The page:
The running shoe industry has been taken by storm: TP Striders

Revolution, not evolution.  The latest innovation for your feet is not from the behemoth with swoosh. Its not from the company who brought you “those funny toe shoes.” Instead, this latest venture was announced last night on prime time television.

Its innovative “dual-purpose outsole” has a unique feature to help you out of a certain situation that always seems to come on about 1 mile into your run. Run prepared! If you’d like learn more, check out the video below.

Ground-breaking news: runners who are faster than you have longer strides

This year, I got to present along an all-star cast at the USATF SPEED Summit in NJ. Basically, the goal is to breakdown the elements of coaching based on science, and then use this science to bolster what we do on track. Smarter plan = better results. Or maybe I should say smarter people help us develop better plans? This is the conference I was most looking forward to this year, and it did not disappoint.

So let’s get past the sarcasm in the title, and go straight to the big picture: if you run slow, you take short strides and your turn over isn’t that quick. The only way to run faster is to increase your turnover and your stride length. So it shouldn’t be a surprise when you hear that faster runners have a longer stride length than slower runners. But now we get into an interesting question…..is stride length the cause or the effect? Or more specifically, why do some runners appear to bound effortlessly over the ground?

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They are stronger. About 80% of the cost of running comes from holding your body up against gravity. If you have strength reserves, it’s easy to combat gravity and float from step to step.  This extra strength enables more “hang-time” which translates to a longer stride length with less effort. Take home here? Get stronger.

How can you develop running specific strength? You can run. Collegiate and sponsored athletes get two workouts a day, and are racking up big miles. You know what else they do? They lift weights to develop strength reserves. Its highly likely that you don’t have the time and energy to rack up monster miles each week. But take a look at your week. Can you examine your training program and budget 30 min 2x’s a week for some strength work? If the answer is no, take a look back at the Achievement Triangle post…..and ask yourself where you’d like to be.  And if you are over 40, this is not optional. Get strong to get faster.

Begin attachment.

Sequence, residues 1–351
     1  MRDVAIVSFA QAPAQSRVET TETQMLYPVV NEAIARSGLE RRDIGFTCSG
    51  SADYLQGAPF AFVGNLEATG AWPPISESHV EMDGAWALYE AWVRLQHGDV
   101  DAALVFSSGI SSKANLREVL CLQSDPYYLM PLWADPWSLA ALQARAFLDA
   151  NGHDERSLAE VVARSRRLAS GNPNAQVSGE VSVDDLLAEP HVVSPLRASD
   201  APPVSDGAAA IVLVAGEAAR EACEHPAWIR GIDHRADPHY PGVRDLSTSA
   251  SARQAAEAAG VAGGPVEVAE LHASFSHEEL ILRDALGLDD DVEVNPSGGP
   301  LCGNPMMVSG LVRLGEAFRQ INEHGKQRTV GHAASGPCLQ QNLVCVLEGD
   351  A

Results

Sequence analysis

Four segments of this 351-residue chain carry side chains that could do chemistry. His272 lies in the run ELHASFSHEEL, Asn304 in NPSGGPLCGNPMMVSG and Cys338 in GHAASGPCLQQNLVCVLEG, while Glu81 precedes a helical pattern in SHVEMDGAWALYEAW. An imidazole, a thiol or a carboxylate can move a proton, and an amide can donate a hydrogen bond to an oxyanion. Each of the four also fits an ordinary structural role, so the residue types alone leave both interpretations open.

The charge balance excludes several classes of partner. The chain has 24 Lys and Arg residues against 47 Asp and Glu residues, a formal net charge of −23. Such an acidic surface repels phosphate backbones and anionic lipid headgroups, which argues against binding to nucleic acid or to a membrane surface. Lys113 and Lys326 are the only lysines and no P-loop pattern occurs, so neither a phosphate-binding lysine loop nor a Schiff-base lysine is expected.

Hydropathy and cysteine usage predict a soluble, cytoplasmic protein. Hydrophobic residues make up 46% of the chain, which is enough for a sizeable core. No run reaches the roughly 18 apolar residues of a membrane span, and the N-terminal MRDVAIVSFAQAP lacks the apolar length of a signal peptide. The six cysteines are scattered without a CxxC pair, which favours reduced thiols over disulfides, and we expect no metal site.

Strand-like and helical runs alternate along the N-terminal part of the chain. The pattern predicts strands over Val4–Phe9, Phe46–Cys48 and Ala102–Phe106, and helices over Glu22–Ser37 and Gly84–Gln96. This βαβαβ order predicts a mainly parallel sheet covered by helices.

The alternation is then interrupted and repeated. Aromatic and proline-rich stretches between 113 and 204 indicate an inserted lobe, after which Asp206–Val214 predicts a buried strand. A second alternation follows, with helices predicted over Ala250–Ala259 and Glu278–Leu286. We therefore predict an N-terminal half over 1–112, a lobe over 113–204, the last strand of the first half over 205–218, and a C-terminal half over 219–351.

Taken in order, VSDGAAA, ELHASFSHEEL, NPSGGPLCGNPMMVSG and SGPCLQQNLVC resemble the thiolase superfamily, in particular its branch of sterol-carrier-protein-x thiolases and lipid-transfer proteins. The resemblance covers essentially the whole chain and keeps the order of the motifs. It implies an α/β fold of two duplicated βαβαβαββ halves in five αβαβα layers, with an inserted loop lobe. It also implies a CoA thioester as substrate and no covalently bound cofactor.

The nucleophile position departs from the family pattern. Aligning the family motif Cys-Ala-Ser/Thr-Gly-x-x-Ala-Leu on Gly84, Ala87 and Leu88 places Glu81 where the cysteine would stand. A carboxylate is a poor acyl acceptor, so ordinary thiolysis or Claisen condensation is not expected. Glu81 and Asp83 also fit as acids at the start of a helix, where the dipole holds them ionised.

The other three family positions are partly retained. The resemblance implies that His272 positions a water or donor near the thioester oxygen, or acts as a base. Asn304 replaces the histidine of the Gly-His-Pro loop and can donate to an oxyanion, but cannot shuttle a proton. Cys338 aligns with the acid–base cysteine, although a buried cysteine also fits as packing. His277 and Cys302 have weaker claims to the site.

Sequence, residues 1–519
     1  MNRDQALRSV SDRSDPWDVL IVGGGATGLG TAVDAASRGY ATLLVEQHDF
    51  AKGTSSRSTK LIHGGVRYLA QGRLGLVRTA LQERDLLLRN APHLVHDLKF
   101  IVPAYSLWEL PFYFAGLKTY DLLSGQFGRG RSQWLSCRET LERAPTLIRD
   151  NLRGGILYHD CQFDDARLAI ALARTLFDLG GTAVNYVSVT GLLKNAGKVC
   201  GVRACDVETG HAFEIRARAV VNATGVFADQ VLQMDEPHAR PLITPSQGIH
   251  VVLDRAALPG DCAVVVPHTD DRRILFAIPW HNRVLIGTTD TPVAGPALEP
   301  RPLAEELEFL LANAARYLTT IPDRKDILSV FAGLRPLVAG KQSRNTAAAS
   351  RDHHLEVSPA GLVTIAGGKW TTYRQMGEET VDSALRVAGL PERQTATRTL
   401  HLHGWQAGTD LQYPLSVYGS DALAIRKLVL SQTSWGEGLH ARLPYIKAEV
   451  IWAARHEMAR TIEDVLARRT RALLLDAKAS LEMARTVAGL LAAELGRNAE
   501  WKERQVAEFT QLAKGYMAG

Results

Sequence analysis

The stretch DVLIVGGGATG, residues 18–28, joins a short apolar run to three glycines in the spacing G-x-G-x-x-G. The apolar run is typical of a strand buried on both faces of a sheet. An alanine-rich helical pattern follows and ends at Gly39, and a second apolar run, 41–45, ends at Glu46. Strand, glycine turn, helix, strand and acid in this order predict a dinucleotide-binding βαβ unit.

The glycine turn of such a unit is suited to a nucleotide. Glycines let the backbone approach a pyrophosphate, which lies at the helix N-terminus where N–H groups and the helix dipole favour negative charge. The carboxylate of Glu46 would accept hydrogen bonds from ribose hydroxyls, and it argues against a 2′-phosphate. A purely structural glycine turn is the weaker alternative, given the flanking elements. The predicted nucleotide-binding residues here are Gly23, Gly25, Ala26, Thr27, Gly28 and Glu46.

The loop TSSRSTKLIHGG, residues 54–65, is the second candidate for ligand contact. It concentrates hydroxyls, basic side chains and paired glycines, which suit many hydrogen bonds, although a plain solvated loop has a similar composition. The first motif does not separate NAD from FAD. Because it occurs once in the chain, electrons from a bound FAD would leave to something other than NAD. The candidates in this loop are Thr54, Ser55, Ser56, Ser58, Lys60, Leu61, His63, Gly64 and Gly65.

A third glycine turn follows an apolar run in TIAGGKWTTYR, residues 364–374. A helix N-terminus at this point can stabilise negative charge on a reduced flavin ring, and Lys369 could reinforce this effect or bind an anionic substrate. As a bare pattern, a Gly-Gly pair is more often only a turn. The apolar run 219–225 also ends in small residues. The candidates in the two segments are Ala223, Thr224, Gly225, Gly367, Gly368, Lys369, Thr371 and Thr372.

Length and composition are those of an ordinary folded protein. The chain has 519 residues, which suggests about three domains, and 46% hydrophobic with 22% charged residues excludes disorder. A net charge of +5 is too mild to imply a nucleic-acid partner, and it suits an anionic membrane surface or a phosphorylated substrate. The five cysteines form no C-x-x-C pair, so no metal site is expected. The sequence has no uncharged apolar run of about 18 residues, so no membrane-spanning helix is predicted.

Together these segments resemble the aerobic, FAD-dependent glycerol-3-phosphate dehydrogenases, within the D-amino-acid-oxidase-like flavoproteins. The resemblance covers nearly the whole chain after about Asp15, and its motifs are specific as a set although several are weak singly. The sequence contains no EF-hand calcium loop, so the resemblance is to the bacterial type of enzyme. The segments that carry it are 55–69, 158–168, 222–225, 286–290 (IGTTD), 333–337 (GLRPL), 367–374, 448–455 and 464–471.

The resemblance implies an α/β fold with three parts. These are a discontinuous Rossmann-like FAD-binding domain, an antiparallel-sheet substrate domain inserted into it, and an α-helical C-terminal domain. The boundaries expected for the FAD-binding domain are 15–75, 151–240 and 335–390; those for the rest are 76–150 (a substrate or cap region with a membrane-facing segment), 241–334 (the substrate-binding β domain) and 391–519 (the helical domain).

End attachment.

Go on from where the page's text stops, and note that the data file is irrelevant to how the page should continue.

Want more? Check out this reference: Weyand

Triathletes: don’t let your cycling mess with your running!

What can a new research study tell you about running off-the-bike? Sometimes, research just tells us things that are somewhat interesting. And other times, like this one, research provides a very nice take home message of which we should all take note.

A few weeks ago, we published a study called “Sagital Plane Kinematics During the Transition Run in Triathletes.” Don’t let the fancy words throw you off. All you need to know is this: Cycling before your run makes it harder to maintain your posture. 

Now those of you who have seen me for an evaluation, read my Running Times article called “P is for Posture”, or read my book know that this is the un-sung skill that can make or break you as an athlete. Posture is the foundation around which the most powerful muscles in your body attach. If the position of those muscles is optimal, a number of things go really well…..most notably peaked performance, and a better stabilized chassis for a reduced risk of injury. If this optimal position is compromised, then you aren’t operating at your best.

So, if I told you ahead of time that doing “A” before “B” will produce complications that make “B” harder, you’d (hopefully) try to prepare ahead of time to minimize, or eliminate those complications. Right? …. Well, here’s what happens.

We had a group of triatheltes come into our lab and run. We measured a number of factors related to the way they ran to get a baseline. This same group of runners came back a second time, but before they ran, they cycled for 30 min at a just-easier-than-threshold effort. Their post-bike running data showed that they had more arch in the low back, a more anteriorly-tilted pelvis, a more flexed hip, and less hip extension.

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poor position = poor performance

For those of you wondering if this is good or bad, I’ll give you both the simple and more in-depth version. Running off the bike makes you look more like the person on the left than the person on the right.

optimal posture = optimal performance

optimal posture = optimal performance

For those of you who want to know why, and get more in depth –>  read my article in Running Times, and then read Ch 6 and 8 in Anatomy for Runners, especially the “3 non-negotibles” on p.183, and the test on p. 196.

I simply cannot downplay the significance postural alignment. If you screw this up, you’ll screw up your run. And given that 70% of injuries in triathlon occur in the run, this is yet one more contributing factor.